x Abu Dhabi, UAEFriday 22 September 2017

Emirati doctors treating more than 1,000 victims of Somalia’s drought daily

Dr Adel Al Shamry, chief executive of the Zayed Giving Initiative, said work to help those affected by the draught in the city of Hargeisa are being hampered by extreme poverty and disease.

Dr Salwa Al Janahi is one of 25 doctors so far volunteering as part of the Zayed Giving Initiative in Somalia. Courtesy Zayed Giving Organisation
Dr Salwa Al Janahi is one of 25 doctors so far volunteering as part of the Zayed Giving Initiative in Somalia. Courtesy Zayed Giving Organisation

ABU DHABI // Emirati doctors leading a humanitarian mission to help victims of the famine in Somalia are treating more than 1,000 men, women and children each day. But medical staff fear their efforts are still not enough as the country struggles to cope with its third famine in 25 years.

Dr Adel Al Shamry, chief executive of the Zayed Giving Initiative, said work to help those affected by the drought in the city of Hargeisa are being hampered by extreme poverty and disease.

“Children are dying from malnutrition. Diseases are so widespread and cholera is back claiming the lives of thousands,” said Dr Al Shamry. “You can’t imagine how horrific the situation is right now.”

The UAE has sent millions of dirhams and thousands of tonnes of food aid and medical supplies to the African country. Last month, a charity telethon raised Dh165 million within hours.

Dr Al Shamry said the international community needed to work together to help Somalia.

“We cannot do this on our own. The situation is so bad that it requires international aid. The entire world has to contribute to help save the lives of thousands of children whose lives are at risk.”

Last month, the ZGI, along with the Dar Al Ber Society, Sharjah Charity House and the Saudi-German Hospital, built the first mobile hospital in Hargeisa. The hospital has six units staffed by a team of Emirati and Somali doctors.

Twenty-five Emirati doctors have pledged to provide 2,000 hours of medical care to children and elderly patients.

“We see 1,000 patients a day and still this isn’t nearly enough to help the people of Somalia,” Dr Al Shamry said, adding the aim was for Emirati doctors to train Somali staff to run the hospital themselves.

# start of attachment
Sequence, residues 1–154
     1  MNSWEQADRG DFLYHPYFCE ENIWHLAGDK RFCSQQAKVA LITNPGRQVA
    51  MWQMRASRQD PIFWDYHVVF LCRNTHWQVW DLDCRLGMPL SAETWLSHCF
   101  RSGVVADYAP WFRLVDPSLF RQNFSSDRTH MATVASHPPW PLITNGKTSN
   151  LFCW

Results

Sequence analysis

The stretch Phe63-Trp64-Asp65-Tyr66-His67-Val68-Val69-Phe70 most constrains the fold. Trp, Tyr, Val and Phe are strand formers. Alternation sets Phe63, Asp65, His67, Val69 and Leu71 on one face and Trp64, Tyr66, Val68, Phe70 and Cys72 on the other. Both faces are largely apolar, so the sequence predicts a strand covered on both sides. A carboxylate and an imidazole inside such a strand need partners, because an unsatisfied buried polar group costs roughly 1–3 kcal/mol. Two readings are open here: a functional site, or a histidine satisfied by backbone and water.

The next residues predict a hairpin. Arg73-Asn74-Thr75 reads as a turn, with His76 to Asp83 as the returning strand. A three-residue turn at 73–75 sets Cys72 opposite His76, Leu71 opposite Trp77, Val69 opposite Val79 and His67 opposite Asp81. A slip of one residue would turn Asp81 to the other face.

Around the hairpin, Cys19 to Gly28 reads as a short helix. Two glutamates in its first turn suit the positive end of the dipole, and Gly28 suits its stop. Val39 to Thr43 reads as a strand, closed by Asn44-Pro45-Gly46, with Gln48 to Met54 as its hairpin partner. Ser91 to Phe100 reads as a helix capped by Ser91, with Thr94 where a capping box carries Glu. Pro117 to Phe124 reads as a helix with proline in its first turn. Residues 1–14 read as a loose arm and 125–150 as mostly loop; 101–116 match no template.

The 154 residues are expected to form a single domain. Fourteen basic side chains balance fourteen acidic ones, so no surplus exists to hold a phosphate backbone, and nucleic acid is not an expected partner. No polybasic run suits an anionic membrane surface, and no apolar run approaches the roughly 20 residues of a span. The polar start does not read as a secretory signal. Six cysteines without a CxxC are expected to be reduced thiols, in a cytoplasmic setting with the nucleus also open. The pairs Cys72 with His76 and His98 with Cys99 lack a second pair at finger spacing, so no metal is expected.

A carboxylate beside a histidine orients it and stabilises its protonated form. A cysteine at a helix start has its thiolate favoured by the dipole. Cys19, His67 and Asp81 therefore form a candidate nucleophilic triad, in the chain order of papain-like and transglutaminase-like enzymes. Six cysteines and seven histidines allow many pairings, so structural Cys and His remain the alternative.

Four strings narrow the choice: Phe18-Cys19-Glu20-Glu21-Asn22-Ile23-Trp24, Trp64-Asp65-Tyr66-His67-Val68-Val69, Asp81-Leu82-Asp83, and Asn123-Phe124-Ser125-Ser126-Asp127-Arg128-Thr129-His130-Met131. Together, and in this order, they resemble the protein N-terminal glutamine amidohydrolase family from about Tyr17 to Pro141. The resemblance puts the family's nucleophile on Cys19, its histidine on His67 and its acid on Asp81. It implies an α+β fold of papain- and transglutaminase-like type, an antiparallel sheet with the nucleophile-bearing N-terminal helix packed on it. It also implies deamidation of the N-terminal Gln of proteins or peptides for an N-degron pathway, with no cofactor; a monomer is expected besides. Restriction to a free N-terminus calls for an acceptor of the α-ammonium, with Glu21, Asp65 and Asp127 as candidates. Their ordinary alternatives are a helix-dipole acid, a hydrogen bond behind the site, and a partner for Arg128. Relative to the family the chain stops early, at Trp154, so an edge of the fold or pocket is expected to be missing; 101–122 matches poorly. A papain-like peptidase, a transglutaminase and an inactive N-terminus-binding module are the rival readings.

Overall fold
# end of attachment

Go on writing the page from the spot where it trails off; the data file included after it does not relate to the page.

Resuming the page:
“This is a sustainable project and hopefully by the end of 2017 will be fully run by Somalis.”

According to Unicef, about 1.4 million children in Somalia are feared to suffer acute malnourishment this year, an increase of 50 per cent on last year.

“The combination of drought, disease and displacement are deadly for children, and we need to do far more, and faster, to save lives,” said Steven Lauwerier, Unicef Somalia representative.

Somalia is in the midst of a drought after rains failed in November last year for a third year in a row. About 615,000 people searching for food and water have since been displaced.

Women and children who make the trek, generally on foot, to places where they hope to find assistance are often robbed or worse, both on the way to, and in, camps for the displaced. There have been reports of sexual abuse, including rape, the UN agency said. Some children have been conscripted into armed groups.

Unicef spokesperson Marixie Mercado said a severely malnourished and dehydrated child could die in a matter of hours if they were not treated for diarrhoea and cholera.

Ms Mercado had just returned from Baidoa in Somalia, which has more than half the 28,400 cholera cases documented so far this year.

Aid groups in Somalia are seeking US$825 million (Dh3.03 billion) to reach the most vulnerable until next month.

Dr Shamsa Al Awar, executive director of Humanity Doctors, said UAE doctors have volunteered thousands of hours to serve the poor by forming diagnostic, therapeutic and educational teams.

Thousands of patients have benefited in Hargeisa as part of an annual programme to reach thousands of vulnerable people.

salnuwais@thenational.ae